Denmark’s Jutland Peninsula is full of incredible outdoor areas, and Rebild Bakker National Park is one of the most unique. Located a scenic 25-km drive or bike ride south of Aalborg, the 77-hectacre natural reserve has a history unlike any other.
The land was donated for public use in 1912 by Danish-American settlers. As part of the deal, Rebild Bakker became a destination celebrating both Danish and American culture. Most famously, it is home to Rebildfesten. One of the largest American Independence Day celebrations outside of the US, Rebildfesten draws expats and curious Danes to Rebild Bakker every 4 July.
The colours on this moor landscape aren’t limited to red, white and blue. From the deep-green of the surrounding Rold forest to the vibrant heather bloom and vivid autumn colours, Rebild Bakker is beautiful all year. With a wide network of trails, it’s the perfect place for hikers and bikers of all skill levels – and when winter arrives, the area becomes a great destination for cross-country skiers too.
Climb to the top of Sønderkol for a panoramic view of Rebild Bakker’s springs, wildlife, hills and valleys from 102 metres above sea level. Or explore the limestone quarry for a subterranean view of the unique geological wonders of the area. And when hunger strikes, there’s a historic restaurant that hosts good traditional food and not least a fika with delicious Danish cakes.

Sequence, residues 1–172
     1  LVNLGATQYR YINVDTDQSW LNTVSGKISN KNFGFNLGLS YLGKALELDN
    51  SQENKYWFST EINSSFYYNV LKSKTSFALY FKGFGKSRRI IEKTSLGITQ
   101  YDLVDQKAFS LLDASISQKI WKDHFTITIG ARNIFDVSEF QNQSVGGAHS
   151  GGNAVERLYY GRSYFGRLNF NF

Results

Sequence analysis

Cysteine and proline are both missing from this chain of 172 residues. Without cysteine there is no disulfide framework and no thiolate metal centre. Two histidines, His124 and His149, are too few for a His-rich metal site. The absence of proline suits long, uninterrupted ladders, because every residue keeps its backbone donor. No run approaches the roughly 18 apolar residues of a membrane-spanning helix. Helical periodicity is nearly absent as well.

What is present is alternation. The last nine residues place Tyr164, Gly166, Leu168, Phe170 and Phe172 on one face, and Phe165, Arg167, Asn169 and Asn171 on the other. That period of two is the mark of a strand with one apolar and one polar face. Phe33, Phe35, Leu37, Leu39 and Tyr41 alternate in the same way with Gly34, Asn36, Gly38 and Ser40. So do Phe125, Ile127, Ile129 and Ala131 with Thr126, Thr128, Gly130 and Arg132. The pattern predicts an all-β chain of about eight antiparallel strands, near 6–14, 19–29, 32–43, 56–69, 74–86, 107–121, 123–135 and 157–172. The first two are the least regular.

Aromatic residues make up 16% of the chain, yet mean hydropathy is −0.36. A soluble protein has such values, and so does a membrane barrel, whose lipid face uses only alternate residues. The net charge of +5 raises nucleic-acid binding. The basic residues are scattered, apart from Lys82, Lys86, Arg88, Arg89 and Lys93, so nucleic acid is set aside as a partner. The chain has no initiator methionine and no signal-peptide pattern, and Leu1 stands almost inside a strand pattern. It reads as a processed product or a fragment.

The area surrounding Rebild Bakker is full of great destinations well worth your time, including the majestic Rold Forest and its many sights. One of the newest attractions a short drive from the park is the REGAN Vest Cold War Museum. Formerly a nuclear bunker hidden 60 metres underneath the forest, the former doomsday shelter now welcomes visitors to journey not just deep below the surface, but also back in time!